@dalek- wouldn't you say that the nursery was right in that instance though? I mean if you say no beef, I would assume you meant no beef products at all, and would have not have given your child the mousse. I would have tried to find a better subsitute, but we have to stick to the letter of parents rules or face serious trouble.

spicemonster Thu 04-Jun-09 18:28:20

Do you know what? I would take him out and not give notice. I feel so, so strongly that the patterns we lay down around food in those early years are so crucial that any nursery that uses food as punishment/reward is an inappropriate place to care for young children. If they do that, I dread to think what other sanctions they will place on more serious transgressions. What if he hits another child? Are they going to deny him lunch or lock him in a cupboard? Vile.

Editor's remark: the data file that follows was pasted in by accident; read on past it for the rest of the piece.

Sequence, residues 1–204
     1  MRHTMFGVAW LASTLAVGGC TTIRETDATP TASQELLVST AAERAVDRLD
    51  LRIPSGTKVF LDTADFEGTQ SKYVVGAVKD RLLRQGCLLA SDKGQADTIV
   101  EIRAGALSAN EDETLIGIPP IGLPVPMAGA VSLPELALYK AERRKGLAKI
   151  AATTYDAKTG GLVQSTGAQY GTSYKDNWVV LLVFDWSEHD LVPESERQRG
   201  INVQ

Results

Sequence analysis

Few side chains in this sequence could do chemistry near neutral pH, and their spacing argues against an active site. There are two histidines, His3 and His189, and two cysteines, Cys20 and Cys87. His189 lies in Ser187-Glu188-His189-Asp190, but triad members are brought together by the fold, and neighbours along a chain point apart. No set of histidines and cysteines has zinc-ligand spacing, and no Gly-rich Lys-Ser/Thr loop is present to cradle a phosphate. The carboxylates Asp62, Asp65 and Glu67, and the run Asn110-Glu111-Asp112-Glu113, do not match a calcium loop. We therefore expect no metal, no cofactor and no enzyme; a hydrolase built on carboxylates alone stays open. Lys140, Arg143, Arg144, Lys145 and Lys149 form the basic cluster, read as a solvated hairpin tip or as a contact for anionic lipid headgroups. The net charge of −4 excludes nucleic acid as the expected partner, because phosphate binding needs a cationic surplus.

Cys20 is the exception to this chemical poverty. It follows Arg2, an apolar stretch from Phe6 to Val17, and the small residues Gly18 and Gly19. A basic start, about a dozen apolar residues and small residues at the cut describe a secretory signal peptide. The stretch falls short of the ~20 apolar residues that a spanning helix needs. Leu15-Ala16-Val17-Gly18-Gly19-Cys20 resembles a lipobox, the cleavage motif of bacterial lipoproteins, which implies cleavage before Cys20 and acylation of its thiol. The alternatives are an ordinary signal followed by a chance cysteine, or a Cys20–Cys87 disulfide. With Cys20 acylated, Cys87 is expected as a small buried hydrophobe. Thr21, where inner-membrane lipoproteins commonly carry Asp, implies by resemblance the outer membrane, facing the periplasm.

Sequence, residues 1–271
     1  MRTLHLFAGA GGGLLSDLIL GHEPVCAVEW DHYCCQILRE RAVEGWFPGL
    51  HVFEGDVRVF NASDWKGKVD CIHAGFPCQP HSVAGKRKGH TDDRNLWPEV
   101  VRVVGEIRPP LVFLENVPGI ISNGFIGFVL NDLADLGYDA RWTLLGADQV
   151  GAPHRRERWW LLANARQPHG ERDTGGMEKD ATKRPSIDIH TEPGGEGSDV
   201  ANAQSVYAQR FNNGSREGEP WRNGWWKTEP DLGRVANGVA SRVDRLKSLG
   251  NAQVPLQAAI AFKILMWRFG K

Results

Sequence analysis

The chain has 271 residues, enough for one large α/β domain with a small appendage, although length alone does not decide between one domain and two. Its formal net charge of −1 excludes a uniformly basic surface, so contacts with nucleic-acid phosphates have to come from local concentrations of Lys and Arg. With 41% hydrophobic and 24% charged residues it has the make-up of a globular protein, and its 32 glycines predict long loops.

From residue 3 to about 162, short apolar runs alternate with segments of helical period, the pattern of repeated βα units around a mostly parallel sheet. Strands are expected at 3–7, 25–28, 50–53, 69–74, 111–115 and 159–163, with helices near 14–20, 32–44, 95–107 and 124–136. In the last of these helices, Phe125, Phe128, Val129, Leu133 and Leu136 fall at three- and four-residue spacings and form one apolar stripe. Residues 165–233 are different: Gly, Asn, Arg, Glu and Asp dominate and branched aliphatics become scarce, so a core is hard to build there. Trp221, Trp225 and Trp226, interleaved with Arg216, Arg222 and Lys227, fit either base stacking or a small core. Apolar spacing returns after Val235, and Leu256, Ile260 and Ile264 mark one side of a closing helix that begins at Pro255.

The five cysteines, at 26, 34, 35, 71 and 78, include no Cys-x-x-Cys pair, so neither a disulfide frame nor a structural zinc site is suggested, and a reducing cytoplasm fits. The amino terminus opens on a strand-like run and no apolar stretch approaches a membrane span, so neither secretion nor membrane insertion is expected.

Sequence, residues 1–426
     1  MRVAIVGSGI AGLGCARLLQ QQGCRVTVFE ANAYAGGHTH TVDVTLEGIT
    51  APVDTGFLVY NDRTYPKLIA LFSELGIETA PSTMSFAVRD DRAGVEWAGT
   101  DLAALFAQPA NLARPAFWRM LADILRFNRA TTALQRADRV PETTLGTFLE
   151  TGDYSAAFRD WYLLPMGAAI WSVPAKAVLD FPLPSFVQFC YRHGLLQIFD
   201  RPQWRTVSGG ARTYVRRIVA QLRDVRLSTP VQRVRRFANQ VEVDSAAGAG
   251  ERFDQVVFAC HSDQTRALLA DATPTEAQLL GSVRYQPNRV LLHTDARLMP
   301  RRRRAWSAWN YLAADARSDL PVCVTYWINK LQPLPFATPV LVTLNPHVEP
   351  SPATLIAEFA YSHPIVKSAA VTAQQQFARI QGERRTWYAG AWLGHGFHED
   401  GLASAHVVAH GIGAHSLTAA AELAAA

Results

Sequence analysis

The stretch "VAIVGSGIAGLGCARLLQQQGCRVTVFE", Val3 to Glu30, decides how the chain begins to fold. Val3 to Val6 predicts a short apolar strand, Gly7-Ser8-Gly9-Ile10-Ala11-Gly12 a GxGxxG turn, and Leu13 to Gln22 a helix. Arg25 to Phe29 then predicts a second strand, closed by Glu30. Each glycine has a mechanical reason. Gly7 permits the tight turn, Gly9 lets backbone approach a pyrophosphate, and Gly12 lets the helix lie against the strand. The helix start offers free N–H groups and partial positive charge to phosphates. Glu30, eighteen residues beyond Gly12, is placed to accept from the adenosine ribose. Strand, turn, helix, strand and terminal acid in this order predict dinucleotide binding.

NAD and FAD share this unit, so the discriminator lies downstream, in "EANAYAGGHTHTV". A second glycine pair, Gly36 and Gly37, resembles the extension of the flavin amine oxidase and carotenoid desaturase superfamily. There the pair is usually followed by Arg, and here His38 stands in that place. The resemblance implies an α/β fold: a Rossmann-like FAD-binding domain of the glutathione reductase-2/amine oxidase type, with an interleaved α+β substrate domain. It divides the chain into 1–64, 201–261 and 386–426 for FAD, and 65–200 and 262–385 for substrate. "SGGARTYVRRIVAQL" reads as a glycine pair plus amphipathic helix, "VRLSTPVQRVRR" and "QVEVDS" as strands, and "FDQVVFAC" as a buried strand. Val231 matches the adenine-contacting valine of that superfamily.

FabulousBakerGirl Thu 04-Jun-09 18:30:25

Let me get this straight

forget this terrible thing this tiny child was meant to have done but

he was alone in a room?

He wsa denied food because he took two sandwiches?

This was told to you by who and with any sense or the embarrassment they must surely feel?

If it was me, he would not be going back and I would be speaking to OFSTED in all honesty.

twofalls Thu 04-Jun-09 18:30:51

YANBU, talk to the manager about your concerns. I would have been really cross.

SameBoatAsYou Thu 04-Jun-09 18:35:48

Not sure if it is ture or not but I have been told by DDs nursery that they are not allowed to withhold food (as a punishment or otherwise).

I am not sure whether it is a legal/ofsted rule or not.

burningupinspeed Thu 04-Jun-09 18:38:54

That is shit, utterly appalling, I would not send him back there at all - and yes speak to OFSTED.